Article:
The legislation pending in Congress has little or nothing to do with “voting rights.” It’s all about facilitating a preferred election outcome. “Voting rights,” legislation doesn’t protect democracy; it protects Democrats. The Democrats selling the plan expressly equate permanently defeating Republicans with “saving” democracy. This is the outcome achieved in China that, no joke, argues that its one-party state is closer to a true democracy than the American two-party system. The Peoples’ Democratic Republic of North Korea has also “saved” its democracy from opposition parties.

In fairness, it’s not just the Democrats attempting to end Republican opposition. Republicans like Representatives Liz Cheney (R-Wyo.) and Adam Kinzinger (R-Ill.) have also warned darkly of offending the consensus uniparty. Sometimes it feels like the leadership of the Republican Party yearns for the golden age of permanent irrelevance in federal elections.

International election standards call for neutral election rules that do not favor one party over the other. These standards provide that, “Election administration must be non-partisan and neutral.” And legitimate anti-fraud measures must be employed that, “ensure that voters are adequately identified and that other mechanisms are in place to prevent fraudulent or double voting.” The push to facilitate voting without confirming the identity of the eligible voter undermines the integrity of elections and has nothing to do with “voting rights.”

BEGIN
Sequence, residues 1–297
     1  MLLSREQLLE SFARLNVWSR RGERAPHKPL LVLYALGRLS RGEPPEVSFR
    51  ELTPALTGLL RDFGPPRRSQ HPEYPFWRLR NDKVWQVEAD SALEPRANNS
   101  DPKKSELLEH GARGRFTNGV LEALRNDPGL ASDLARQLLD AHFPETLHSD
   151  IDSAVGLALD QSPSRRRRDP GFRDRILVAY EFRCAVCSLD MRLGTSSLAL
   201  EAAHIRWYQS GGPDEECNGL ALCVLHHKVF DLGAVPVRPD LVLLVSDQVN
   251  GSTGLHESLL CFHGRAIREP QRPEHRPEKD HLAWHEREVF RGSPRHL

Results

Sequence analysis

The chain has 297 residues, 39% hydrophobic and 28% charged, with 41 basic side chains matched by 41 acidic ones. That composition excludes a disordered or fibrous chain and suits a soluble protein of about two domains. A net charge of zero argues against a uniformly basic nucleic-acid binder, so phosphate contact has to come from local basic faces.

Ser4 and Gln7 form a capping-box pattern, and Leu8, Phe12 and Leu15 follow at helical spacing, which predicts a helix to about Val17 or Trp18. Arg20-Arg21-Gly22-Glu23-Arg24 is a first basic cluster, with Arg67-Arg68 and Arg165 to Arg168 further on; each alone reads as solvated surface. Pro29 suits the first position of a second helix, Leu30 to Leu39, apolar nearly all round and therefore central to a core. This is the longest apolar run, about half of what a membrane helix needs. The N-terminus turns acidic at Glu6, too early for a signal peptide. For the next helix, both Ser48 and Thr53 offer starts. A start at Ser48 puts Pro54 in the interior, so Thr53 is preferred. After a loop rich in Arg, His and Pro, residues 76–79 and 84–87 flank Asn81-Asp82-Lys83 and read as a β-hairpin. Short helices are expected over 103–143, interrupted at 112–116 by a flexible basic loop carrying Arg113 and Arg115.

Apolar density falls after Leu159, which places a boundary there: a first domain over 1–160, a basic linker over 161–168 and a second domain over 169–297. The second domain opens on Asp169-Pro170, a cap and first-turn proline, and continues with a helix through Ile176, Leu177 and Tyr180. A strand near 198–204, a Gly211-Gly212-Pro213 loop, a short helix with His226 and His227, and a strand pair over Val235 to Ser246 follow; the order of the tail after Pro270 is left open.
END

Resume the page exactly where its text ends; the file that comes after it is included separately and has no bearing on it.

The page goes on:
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About Adam Mill

Adam Mill is a pen name. He is an adjunct fellow of the Center for American Greatness and works in Kansas City, Missouri as an attorney specializing in labor and employment and public administration law. He graduated from the University of Kansas and has been admitted to practice in Kansas and Missouri. Mill has contributed to The Federalist, American Greatness, and The Daily Caller.